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Row v. Beauclair
September 15, 2010
ROBIN LEE ROW PETITIONER,
THOMAS J. BEAUCLAIR, DIRECTOR OF THE DEPARTMENT OF CORRECTION, AND BRIAN T. UNDERWOOD, WARDEN OF THE IDAHO POCATELLO WOMEN'S CORRECTIONAL CENTER, STATE OF IDAHO, RESPONDENTS.
The opinion of the court was delivered by: Honorable B. Lynn Winmill Chief U. S. District Judge
The parties have submitted their written and oral arguments in this capital habeas matter on the non-dismissed claims in the Second Amended Petition. The Court previously reserved its ruling on Petitioner's request for an evidentiary hearing on her claim of ineffective assistance of counsel at her state court capital sentencing hearing. (Dkt. 472, pp. 13-14.) That ruling turns, in part, on whether Petitioner and her counsel diligently attempted to develop the claim completely in state court but were unable to do so, thereby removing 28 U.S.C. § 2254(e)(2) as a barrier to new evidentiary development in this proceeding. Williams v. Taylor, 529 U.S. 420, 436 (2000).
Petitioner argues that her post-conviction counsel were deprived of adequate resources and time to develop the claim. Respondent counters that counsel had sufficient resources, and that to the extent that the claim was not fully developed, it was due to a lack of diligence. Several factual issues that appear to be material to this dispute cannot be resolved by referring to the existing record, including the following: the degree to which funding was available through the Ada County Public Defender's Office for "conflict" post-conviction counsel to retain investigative and expert services; the extent of post-conviction counsel's efforts to seek funding from the Public Defender for those services; the nature of the supposed conflict that the Public Defender believed that he had when reviewing funding requests; how counsel paid for the services that they ultimately did retain; and how counsel expected to pay for the services that they intended to retain had the district court granted a continuance of the post-conviction hearing.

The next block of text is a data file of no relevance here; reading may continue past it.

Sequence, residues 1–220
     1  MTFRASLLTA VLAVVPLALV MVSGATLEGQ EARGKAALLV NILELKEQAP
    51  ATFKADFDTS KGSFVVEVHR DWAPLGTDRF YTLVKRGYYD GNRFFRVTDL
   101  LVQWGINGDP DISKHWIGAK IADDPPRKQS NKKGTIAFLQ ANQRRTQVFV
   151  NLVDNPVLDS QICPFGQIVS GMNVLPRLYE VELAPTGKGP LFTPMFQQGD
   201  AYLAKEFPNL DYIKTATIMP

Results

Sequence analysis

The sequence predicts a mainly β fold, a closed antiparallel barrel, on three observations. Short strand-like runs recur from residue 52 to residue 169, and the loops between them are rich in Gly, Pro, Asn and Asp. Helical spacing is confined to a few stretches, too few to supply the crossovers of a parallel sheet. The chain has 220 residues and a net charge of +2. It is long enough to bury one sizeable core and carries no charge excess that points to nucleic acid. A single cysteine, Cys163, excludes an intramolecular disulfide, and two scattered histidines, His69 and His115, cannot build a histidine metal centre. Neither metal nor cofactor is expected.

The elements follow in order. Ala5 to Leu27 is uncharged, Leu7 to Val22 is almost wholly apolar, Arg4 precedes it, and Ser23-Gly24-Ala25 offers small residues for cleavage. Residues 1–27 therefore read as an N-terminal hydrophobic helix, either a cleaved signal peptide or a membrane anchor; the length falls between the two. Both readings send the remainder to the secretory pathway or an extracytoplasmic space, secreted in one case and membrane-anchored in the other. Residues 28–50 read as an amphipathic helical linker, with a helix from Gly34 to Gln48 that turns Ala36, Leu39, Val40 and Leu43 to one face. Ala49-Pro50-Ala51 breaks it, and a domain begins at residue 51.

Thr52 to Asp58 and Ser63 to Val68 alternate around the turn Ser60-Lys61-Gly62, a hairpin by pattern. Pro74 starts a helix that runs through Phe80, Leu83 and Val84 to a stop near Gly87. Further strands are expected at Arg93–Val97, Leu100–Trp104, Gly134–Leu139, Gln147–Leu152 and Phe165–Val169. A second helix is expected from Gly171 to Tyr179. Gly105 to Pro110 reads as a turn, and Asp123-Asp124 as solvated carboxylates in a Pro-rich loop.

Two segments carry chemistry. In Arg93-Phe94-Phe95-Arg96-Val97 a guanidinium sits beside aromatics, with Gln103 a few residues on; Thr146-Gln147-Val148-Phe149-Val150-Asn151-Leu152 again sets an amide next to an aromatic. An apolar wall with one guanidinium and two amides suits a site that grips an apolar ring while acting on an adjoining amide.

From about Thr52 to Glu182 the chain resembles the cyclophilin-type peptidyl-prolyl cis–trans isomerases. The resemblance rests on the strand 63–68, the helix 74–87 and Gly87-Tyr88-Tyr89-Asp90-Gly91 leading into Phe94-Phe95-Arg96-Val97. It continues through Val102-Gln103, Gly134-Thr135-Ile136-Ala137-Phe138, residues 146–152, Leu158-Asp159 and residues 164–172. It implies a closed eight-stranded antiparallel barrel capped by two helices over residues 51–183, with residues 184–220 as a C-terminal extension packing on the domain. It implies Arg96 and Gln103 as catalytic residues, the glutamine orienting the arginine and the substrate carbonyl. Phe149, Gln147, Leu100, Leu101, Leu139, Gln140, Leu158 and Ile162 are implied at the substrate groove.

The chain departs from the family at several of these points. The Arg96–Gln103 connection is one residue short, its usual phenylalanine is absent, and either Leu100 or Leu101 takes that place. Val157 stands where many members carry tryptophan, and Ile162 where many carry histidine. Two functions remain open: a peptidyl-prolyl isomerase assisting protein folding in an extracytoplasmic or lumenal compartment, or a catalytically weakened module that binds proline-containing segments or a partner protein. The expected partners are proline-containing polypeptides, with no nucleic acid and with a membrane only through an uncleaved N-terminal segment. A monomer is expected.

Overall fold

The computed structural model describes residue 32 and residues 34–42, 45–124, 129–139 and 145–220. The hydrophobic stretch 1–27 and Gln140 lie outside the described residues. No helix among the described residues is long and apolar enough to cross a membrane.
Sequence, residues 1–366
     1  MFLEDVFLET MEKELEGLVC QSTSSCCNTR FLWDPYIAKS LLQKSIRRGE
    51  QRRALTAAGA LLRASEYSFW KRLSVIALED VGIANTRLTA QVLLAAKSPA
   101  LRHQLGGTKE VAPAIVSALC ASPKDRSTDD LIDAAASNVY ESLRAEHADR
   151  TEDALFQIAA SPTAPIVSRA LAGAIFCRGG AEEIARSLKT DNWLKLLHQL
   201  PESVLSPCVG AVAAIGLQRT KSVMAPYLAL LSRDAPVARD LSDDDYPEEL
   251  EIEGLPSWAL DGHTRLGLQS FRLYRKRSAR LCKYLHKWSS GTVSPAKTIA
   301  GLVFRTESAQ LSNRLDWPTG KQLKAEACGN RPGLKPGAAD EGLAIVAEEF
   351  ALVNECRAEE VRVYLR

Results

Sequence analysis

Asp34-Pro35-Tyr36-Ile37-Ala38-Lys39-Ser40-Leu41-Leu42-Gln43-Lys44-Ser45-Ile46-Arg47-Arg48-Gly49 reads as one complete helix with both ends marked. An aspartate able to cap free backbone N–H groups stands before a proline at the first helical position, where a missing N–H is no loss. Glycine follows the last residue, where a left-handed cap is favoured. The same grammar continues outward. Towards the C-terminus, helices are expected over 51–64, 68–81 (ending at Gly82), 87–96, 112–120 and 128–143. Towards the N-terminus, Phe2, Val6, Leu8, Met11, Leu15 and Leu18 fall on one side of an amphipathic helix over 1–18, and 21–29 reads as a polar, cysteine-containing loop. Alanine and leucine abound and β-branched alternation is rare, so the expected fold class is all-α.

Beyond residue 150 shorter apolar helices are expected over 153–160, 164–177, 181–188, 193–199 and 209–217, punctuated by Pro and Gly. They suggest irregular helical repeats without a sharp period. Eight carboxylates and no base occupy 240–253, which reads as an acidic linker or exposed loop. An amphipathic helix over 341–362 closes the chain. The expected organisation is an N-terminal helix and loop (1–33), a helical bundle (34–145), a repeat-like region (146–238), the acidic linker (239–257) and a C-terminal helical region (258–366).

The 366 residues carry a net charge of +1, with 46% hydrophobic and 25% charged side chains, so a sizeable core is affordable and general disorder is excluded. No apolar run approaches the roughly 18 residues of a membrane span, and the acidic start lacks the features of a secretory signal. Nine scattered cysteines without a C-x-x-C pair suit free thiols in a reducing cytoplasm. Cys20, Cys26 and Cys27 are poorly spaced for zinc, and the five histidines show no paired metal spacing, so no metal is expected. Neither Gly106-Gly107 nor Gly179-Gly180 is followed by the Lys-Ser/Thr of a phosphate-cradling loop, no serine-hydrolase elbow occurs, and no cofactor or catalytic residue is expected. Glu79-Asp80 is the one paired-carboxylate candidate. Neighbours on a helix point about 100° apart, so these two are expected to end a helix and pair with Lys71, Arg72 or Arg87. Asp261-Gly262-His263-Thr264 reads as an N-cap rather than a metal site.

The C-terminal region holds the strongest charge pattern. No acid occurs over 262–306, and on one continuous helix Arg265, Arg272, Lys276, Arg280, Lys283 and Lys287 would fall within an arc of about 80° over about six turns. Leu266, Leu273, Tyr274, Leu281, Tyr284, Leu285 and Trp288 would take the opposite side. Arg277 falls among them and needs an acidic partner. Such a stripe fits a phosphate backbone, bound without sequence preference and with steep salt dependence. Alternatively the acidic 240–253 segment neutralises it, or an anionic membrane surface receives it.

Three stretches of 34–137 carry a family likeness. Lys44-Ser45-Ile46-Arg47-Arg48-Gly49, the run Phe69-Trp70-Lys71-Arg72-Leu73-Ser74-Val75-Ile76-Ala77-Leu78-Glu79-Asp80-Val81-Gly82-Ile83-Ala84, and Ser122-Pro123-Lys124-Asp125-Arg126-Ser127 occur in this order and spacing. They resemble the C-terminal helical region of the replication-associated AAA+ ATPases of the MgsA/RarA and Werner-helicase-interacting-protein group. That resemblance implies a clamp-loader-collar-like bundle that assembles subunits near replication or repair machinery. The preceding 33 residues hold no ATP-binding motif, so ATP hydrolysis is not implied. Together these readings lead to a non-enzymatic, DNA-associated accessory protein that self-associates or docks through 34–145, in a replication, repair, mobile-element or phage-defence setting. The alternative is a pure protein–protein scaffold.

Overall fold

Therefore, the Court has concluded that an evidentiary hearing will be necessary to resolve the preliminary diligence issue. See Schad v. Ryan, 606 F.3d 1022, 1044 (9th Cir. 2010) (remanding for further proceedings, including a possible evidentiary hearing, to determine whether the petitioner was diligent in state court). The Court also finds good cause under Rule 6(a) of the Rules Governing Section 2254 Cases for the parties to engage in discovery on this issue in advance of the hearing, except that the state trial court judge will not be a testifying witness or otherwise subjected to discovery, as his rulings on this matter are already in the record.
The parties shall confer with each other and contact the Court's Courtroom Deputy, Jamie Gearhart, to schedule an evidentiary hearing as soon as is practicable. The Court anticipates a brief hearing, limited in scope and witnesses, to last no longer than a single day. Within 14 days of the date of this Order, the parties shall also submit a joint proposed scheduling order setting pre-hearing deadlines for the limited discovery that has been authorized and for the exchange and filing of witness and exhibit lists.*fn1
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